Captain Delano of the schooner Eagle, arrived here on Saturday from Turtle River, has furnished us with the following particulars the truth of which he declares himself willing, with his whole crew to make affidavit. On Monday, 22nd Instant at 10 o’clock A. M. when about one mile ins side St. Simon’s Bar, endeavoring to beat out observed at a distance of three hundred yards, a large object resembling an Alligator, occasionally moving along the same course with the vessel, and at time lying nearly motionless upon the service. Captain Delano finding himself like to approach very close to this strange visitor, charged a musket with a ball, and tacked so as to run within 20 to 25 yards of him. – at a moment when he was lying perfectly still , and apparently unconcerned, Captain Delano took deliberate aim at the back of his head, the only part then exposed, and fired, the ball evidently taking effect– instantly, to no small astonishment and apprehension of the crew, the monster aroused himself, and made directly for the vessel, contracting his body, and giving two or three tremendous sweeps with his tail as he passed, the first striking the stern and producing a shock which was very sensibly felt by all that were on board. On seeing his approach, the Captain jumped on his deck load full of cotton, and some of his crew was not less prompt in consulting their safety. The all had a fair opportunity to observe their enemy, both before and after the shot, and concur in describing him as upwards of 70 feet in length; his body as large, or larger, than a 60 gallon cask; of a grey color, shaped like an eel – without any visible fins, and apparently covered in scales – the back full of “joints” or “bunches.” The head and mouth resembled those of an Alligator, the former about 10 feet long, and as large as a hogshead! A smaller one of like appearance was observed at a greater distance, which vanished on the firing of the shot, but both were afterwards seen together, passing the North breaker, where they finally disappeared.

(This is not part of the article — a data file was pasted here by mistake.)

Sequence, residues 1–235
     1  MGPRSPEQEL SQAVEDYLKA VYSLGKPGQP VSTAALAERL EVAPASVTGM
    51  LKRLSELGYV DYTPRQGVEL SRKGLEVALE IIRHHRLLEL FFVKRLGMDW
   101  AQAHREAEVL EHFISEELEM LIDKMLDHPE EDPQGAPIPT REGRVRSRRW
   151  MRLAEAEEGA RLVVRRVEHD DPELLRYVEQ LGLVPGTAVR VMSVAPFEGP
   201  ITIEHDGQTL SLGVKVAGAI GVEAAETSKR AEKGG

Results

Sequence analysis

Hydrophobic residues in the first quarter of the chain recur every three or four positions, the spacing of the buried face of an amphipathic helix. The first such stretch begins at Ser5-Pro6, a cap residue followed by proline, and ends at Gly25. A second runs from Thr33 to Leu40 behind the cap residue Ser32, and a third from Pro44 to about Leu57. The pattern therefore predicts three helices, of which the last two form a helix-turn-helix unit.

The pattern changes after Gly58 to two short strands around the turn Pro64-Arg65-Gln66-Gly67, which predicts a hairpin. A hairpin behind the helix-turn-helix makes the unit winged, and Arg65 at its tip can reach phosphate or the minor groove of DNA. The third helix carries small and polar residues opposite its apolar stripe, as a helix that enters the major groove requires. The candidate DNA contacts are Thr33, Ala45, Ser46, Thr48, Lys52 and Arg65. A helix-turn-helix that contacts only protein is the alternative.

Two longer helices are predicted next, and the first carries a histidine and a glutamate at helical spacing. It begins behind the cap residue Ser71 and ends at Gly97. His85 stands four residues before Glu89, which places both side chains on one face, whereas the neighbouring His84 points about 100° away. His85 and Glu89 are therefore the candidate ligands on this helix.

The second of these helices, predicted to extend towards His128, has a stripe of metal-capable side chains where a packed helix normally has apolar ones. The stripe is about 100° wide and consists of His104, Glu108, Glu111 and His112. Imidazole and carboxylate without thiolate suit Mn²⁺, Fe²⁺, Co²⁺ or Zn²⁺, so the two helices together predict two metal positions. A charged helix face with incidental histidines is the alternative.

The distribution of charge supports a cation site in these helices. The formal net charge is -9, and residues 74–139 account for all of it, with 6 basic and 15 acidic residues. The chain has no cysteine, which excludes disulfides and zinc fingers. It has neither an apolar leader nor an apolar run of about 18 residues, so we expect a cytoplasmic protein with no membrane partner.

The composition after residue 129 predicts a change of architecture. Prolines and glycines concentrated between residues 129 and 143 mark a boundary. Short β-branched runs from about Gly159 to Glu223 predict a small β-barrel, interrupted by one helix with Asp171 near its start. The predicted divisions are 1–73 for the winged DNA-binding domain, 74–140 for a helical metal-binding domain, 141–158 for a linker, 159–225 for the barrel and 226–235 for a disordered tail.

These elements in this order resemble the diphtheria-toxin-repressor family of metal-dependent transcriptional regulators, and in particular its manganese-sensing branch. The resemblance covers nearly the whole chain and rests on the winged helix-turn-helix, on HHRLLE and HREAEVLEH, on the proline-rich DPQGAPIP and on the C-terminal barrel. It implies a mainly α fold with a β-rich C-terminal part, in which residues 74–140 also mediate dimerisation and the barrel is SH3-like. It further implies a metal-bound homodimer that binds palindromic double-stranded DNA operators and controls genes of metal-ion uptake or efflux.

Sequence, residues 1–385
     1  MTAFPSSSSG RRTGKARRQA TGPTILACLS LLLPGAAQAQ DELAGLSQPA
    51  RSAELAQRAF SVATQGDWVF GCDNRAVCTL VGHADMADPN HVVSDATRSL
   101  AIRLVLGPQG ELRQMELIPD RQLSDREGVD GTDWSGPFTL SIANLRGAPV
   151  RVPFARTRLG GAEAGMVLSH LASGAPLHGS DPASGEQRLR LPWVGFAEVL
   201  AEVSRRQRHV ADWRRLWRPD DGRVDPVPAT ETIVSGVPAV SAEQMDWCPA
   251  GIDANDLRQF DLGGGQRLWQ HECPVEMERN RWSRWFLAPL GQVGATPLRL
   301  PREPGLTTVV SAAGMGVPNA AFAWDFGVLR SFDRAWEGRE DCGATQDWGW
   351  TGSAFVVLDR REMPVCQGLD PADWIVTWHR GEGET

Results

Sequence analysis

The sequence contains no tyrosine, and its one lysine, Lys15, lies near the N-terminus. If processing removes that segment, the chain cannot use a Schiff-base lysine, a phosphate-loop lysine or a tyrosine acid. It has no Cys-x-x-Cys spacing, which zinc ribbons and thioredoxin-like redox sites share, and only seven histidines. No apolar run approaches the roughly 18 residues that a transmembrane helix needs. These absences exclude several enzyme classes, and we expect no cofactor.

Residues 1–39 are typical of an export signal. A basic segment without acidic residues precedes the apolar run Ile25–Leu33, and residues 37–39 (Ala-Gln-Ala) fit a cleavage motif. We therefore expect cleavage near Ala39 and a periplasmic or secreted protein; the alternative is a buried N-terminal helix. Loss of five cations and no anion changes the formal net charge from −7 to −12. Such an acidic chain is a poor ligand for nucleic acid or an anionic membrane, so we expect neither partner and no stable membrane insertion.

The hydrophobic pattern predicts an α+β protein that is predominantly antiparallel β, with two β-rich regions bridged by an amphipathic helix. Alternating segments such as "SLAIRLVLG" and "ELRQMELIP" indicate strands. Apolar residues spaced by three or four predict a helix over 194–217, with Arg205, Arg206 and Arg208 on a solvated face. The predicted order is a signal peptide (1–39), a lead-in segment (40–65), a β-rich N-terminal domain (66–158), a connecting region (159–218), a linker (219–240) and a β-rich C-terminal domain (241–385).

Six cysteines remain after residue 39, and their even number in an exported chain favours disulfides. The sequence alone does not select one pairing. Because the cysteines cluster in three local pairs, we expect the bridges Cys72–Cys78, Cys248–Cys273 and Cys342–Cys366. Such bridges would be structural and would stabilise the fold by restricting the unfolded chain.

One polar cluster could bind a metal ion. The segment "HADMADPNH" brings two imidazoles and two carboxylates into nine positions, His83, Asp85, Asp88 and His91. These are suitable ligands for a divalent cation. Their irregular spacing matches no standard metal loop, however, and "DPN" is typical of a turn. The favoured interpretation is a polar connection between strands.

What we learn is is never shoot a sea serpent.
1. CHEROKKE PHEONIX AND INDIANS ADVOCATE APRIL 21, 1830 PAGE 4
2. Southern Recorder, Apr. 03, 1830 — page 3